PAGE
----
SUNY Morrisville partners with ACHIEVE to help strengthen New York’s direct support professional workforce

Published date
1:30 p.m.

SUNY Morrisville’s Norwich Campus has partnered with local organization, ACHIEVE, to help strengthen New York’s direct support professional workforce.  

The move follows a recent announcement from SUNY regarding schools partnering with the New York State Office for People With Developmental Disabilities (OPWDD) through a direct support microcredential program that will provide training leading to national certification in the field of developmental disabilities. 

“SUNY is proud to participate in this partnership with OPWDD to support the state’s existing direct support professionals and provide a pathway for individuals new to the field to start out grounded in certification from the National Alliance for Direct Support Professionals,” said State University of New York Chancellor John B. King, Jr. in a news release.  

Participants will earn national certification from the National Alliance for Direct Support Professionals (NADSP) through NADSP-accredited microcredentials. 

“This grant gives SUNY Morrisville the opportunity to take a leadership role in providing education to direct support professionals across the Southern Tier through our partnership with ACHIEVE,” said Julanne Burton, assistant professor of social science and coordinator of the Human Services Program and the Human Services Institute. 

A chapter of The Arc New York, ACHIEVE’s mission is to advocate for an enhanced quality of life through skill advancement, inclusion, integration and independence of persons with intellectual, developmental and other disabilities through services provided in Broome, Chenango and Tioga Counties.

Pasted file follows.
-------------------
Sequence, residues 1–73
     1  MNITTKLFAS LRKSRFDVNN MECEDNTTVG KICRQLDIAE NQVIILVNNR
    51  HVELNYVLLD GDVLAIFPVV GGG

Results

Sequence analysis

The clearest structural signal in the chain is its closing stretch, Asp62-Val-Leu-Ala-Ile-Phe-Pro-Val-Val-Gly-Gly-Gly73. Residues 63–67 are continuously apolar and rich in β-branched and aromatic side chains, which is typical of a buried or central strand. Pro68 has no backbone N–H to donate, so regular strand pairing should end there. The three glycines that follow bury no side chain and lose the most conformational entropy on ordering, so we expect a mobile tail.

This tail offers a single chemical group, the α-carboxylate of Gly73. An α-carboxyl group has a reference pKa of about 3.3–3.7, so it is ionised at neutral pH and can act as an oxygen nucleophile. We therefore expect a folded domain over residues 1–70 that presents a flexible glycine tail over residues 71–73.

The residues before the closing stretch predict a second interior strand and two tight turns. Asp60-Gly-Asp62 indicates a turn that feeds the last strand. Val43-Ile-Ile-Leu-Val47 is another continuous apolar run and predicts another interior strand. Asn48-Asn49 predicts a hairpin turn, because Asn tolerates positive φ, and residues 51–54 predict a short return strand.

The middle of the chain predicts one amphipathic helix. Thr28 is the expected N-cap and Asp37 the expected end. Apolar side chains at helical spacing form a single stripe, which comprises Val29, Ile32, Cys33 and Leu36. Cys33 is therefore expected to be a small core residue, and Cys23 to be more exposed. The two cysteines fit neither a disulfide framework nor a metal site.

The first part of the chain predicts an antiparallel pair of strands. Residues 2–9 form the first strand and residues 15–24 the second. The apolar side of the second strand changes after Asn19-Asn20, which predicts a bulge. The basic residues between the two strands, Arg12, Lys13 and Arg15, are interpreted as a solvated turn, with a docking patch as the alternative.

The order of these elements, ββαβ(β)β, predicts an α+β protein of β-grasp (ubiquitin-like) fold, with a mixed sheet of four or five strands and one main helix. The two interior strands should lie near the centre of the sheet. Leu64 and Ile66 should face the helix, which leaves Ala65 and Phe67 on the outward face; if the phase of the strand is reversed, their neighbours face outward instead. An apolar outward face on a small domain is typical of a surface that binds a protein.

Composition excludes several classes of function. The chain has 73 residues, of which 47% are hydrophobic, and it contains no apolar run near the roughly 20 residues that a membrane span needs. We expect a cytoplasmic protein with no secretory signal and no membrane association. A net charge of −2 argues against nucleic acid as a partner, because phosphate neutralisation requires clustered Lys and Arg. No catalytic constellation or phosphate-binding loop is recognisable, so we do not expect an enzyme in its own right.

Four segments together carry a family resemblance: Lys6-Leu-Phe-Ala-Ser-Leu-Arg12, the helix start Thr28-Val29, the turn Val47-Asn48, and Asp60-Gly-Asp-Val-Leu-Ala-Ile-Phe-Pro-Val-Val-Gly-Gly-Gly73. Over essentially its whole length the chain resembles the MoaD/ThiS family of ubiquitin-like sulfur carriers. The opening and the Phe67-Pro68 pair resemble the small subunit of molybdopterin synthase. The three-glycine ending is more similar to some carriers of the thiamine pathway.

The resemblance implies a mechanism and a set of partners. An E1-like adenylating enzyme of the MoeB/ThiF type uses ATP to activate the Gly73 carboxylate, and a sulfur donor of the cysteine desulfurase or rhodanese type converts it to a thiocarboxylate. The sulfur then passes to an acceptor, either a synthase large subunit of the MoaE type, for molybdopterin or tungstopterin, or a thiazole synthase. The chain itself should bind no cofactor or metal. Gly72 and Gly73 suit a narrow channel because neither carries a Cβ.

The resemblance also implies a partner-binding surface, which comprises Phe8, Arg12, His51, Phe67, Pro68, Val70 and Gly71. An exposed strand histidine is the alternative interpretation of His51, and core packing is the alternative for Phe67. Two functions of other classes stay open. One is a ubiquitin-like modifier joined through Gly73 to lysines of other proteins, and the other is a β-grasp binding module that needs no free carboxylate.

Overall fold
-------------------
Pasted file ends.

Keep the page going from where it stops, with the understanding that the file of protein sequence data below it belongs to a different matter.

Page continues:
“Within the SUNY/OPWDD grant we can offer free courses to 35 students per semester for the next four semesters,” Burton said. ACHIEVE has filled all 35 spots for this semester and currently has a list of employees waiting to register for future openings.  

About the grant

The SUNY/OPWDD grant is designed to provide education to professionals who are providing direct support to vulnerable populations, including children, youth and adults, diagnosed with intellectual and developmental disabilities.  

“This partnership provides college courses that will enhance the knowledge, understanding and skill levels required to provide high-quality services to individuals who are dependent on others to achieve their highest level of functioning and best quality of life possible,” Burton said. “Their quality of life is dependent on the high-quality support they receive from direct support professionals.”  

Supported through $5 million in federal funding from the American Rescue Plan, the microcredential program aims to assist direct support staff already working in the profession and those new to the developmental disabilities field in earning college credits that meet requirements for certification from  NADSP. Students will be able to secure national certification and college credit toward a certificate or associate degree in human services, or a bachelor’s degree in human services leadership at SUNY Morrisville. The grant program covers tuition, certification, fees, books and student support, and students can earn a one-time $750 stipend.

“This is the first of what we hope will be many multi-campus applications of SUNY’s microcredential program to help address an urgent workforce need,” Chancellor King said. 

About SUNY’s Microcredential Program

This fall, SUNY will offer nearly 600 microcredentials at 51 of its 64 campuses. Microcredentials are smaller, academic- and skills-focused credentials that can be completed in months, not years. SUNY’s program is designed to provide earners with immediate workforce-ready skills, knowledge and experience, while also providing a pathway to additional credentials, certificates and degrees. Recognized with the inaugural Business Council of New York State Workforce Innovation Award in Higher Education, SUNY microcredentials increase access to higher education by providing another pathway for New Yorkers to earn the credentials they need to meet their academic and career goals, all while collaboratively meeting the needs of New York businesses and industry.